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Drop in national bulk billing rate signals increasing out-of-pocket costs


Anastasia Tsirtsakis


22/03/2022 4:27:31 PM

During the December quarter the bulk billing rate dropped by 1.2%, indicating more practices are taking action to ensure their sustainability, says Dr Karen Price.

A patient preparing to pay for a GP consultation.
Average out-of-pocket costs for patients have increased by 50% over the last decade.

In a recent statement, Federal Health Minister Greg Hunt noted a surge in Medicare bulk billing rates across the health system, with ‘record highs’ in general practice.
 
The Department of Health’s (DoH) latest quarterly Medicare statistics show bulk billing rates were 88.4% in the 2021 December quarter, 0.3% higher than December 2020, with rates lowest in the ACT (70.7%) and highest in New South Wales (90.9%).
 
The release compared the percentage of bulk billed medical services to that of December 2012 – nine years prior – with the current rate, which stands 6.4% higher.
 
But what it failed to mention is that the bulk billing rate is actually down 1.2% from the previous quarter (89.6%). Further to that, the average patient contribution per GP service peaked in Q3 of 2020–21, at $42.79.
 
Speaking to newsGP, RACGP President Dr Karen Price said the data indicates that members are starting to take action to ensure the sustainability of general practice, by passing on costs to patients where suitable.  
 
‘It’s a challenging conversation, but this is about trying to provide access and to continue access for vulnerable groups by doing what the Government won’t do themselves – and that is to cross subsidise,’ Dr Price said.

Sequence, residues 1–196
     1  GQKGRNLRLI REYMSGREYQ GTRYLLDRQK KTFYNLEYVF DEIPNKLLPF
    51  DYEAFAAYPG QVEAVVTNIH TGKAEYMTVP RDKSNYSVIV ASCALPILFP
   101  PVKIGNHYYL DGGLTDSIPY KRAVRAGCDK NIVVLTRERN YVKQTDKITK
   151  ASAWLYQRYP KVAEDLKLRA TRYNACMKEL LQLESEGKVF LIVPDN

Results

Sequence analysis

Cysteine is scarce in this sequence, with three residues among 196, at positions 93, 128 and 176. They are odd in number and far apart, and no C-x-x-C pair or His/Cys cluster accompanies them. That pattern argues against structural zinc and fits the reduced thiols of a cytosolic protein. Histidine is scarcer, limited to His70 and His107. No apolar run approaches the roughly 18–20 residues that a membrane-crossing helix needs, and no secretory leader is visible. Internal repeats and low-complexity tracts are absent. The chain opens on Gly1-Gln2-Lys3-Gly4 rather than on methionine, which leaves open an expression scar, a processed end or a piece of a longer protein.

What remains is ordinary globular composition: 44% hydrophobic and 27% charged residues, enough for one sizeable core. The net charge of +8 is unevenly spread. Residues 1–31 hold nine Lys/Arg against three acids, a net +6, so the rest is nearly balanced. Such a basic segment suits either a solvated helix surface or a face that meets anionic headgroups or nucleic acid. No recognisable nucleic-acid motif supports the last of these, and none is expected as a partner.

‘This is about the sustainability of general practice, and we can’t maintain that if we bulk bill everybody. We just can’t.’
 
Dr Emil Djakic, Chair of the RACGP’s Business Sustainability Working Group, agrees and says the way the data is being presented distorts the true picture, as the figures show the number of services that were bulk billed, rather than the number of patients who were bulk billed for all GP services.
 
‘These findings diminish the evidence of increasing out-of-pocket costs,’ Dr Djakic told newsGP.
 
‘I want to know why they bothered to use a figure that compared us with 2012? That is ridiculous.
 
‘It tries to imply that there’s been a massive increase in investment in that time when there simply hasn’t.’
 
The Productivity Commission’s Report on Government Services 2022, shows in 2020–21 just 67.6% of patients had all GP services bulk billed.
 
‘So there’s a lot of patients actually paying for services already,’ Dr Djakic said.
 
The number of services delivered by GPs peaked in Q1 2021–22, at 51.6 million and dropped to 46.7 million in Q2.
 
But while 89.1% of these services were bulk billed, Government requirements due to COVID-19 meant GPs often did not have a choice.
 
For example, COVID-19 vaccine suitability assessment items, which must be bulk billed, comprised 16.2% of the recorded services, while bulk billing rates for COVID-19-related telehealth services also remain higher than for non-COVID services.
 
As a result, Dr Djakic says the pandemic has become an additional burden for many practices, which should be recognised.
 
‘Most of that was enforced bulk billing,’ he said. ‘But it’s very clear bulk billing for phone consultations is [now] changing very quickly.
 
‘People are realising that if they continue to meet the demand of patients for no out-of-pocket costs, ultimately they’re going backwards, and the patients are not getting the full level of service.’